Merkel Cell Carcinoma
What is Merkel Cell Carcinoma?
Merkel cell carcinoma (MCC) is a form of skin cancer distinguished both by its rarity and aggressiveness. This form of cancer is most commonly identified by red colored bump on the skin. This abnormality of the skin is typically isolated (a single lump as opposed to many) and usually appears onsun-exposed skin. Merkel cell carcinoma include may also be referred to as neuroendocrine carcinoma of the skin.
What are the Symptoms of Merkel Cell Carcinoma?
The most common symptom of Merkel cell carcinoma is a lump that appearson the skin – a type of nodule or tumor. This lump is often red, flesh colored, or somewhat blue. The tumor is typically fast growing, though painless. Merkel cell carcinomas typically appear on the face, head, or neck but may appear elsewhere on the body.Other symptoms include cellular immunodeficiency, skin becoming sensitive to light, erythematous mcaule, and chronic noninfectious lymphadenopathy.
What Causes Merkel Cell Carcinoma?
The exact cause of Merkel cell carcinoma has not yet been discovered. Several risk factors have, however, been identified.People with lighter skin pigmentation, and those of advanced age are at greater risk for Merkel cell carcinoma. Increased exposure to sunlight or other sources of ultraviolet light (such as tanning beds) also increases the risk of developing Merkel cell carcinoma. Finally, people with suppressed immune systems (such as those with HIV, or those taking immunosuppresantdrugs for other conditions) are at greater risk for developing this form of skin cancer.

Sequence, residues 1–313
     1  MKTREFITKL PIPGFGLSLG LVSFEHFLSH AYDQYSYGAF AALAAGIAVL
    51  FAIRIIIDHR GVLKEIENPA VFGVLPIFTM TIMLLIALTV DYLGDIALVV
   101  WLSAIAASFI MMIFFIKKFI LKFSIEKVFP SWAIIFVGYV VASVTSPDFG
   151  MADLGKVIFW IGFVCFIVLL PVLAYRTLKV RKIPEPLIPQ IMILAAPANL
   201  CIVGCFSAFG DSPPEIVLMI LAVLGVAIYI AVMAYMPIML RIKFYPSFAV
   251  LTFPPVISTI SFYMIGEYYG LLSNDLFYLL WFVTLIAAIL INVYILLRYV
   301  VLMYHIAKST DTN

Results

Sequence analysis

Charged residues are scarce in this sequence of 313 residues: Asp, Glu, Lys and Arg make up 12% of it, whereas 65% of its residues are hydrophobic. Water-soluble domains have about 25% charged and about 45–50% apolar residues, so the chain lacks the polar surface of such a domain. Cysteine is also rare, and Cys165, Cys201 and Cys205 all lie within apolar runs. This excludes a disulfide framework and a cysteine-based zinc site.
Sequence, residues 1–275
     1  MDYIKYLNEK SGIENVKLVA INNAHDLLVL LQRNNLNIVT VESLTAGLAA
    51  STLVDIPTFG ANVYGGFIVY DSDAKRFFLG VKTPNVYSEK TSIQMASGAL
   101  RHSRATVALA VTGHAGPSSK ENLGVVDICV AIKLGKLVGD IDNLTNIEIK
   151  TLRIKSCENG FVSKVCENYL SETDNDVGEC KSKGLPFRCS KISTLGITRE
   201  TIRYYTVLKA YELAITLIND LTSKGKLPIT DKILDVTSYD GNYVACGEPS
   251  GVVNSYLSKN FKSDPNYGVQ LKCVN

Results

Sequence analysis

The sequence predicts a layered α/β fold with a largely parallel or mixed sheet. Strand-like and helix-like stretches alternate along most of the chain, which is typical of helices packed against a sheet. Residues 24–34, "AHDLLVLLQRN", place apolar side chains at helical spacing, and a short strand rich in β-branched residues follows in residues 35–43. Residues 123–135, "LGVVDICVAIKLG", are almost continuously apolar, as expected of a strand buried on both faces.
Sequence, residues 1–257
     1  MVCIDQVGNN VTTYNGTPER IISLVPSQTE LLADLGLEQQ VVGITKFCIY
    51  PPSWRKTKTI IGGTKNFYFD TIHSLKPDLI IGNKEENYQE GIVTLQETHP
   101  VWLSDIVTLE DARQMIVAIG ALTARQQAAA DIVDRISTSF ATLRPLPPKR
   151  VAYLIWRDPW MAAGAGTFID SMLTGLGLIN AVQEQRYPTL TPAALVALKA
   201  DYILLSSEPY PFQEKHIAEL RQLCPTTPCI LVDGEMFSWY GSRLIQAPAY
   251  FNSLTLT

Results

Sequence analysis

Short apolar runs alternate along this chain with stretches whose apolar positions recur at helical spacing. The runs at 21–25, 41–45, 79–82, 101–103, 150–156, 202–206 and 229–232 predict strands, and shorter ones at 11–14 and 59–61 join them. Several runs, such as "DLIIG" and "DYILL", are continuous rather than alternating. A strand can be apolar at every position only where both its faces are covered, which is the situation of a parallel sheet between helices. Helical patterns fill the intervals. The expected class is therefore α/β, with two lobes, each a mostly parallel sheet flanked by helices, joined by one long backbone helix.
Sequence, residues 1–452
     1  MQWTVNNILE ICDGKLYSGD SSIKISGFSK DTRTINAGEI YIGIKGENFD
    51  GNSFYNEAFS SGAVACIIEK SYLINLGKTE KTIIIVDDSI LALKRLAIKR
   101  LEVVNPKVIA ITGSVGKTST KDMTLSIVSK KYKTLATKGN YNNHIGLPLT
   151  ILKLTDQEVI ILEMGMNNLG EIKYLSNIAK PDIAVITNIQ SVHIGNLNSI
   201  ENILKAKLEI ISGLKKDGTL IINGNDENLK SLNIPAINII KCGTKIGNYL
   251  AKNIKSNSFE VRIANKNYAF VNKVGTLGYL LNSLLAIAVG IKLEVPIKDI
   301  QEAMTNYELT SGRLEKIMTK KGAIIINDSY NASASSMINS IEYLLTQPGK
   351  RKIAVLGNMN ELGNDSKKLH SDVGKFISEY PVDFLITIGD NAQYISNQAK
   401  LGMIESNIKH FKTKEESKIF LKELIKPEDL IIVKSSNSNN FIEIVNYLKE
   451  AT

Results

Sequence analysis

Researchers have also discovered a correlation between Merkel cell carcinoma and a virus called the Merkel cell polyomavirus. Tests of tumors show the virus to be present in roughly 80% of Merkel cell carcinomas. Mostadults come into contact with the Merkel cell polyomavirus by adulthood, but it appears not to cause symptoms besides the rare case of Merkel cell carcinoma.
How is Merkel Cell Carcinoma Diagnosed?
In order to diagnose Merkel cell carcinoma, physicians may exam a patient’smedical history, and perform a physical exam. Additional diagnostic steps may include a full body skin exam, and/or a skin biopsy.
What are the Treatments for Merkel Cell Carcinoma?
Treatments for Merkel cell carcinoma may require surgical removal of the tumor, or the use of Mohs surgery (in which thin layers of tissue are removed until no cancer cells are found). Radiation therapy, or chemotherapy may also be employed for the treatment of Merkel Cell Carcinoma. Currently Avelumab is the only drug therapy approved by the FDA for this condtion.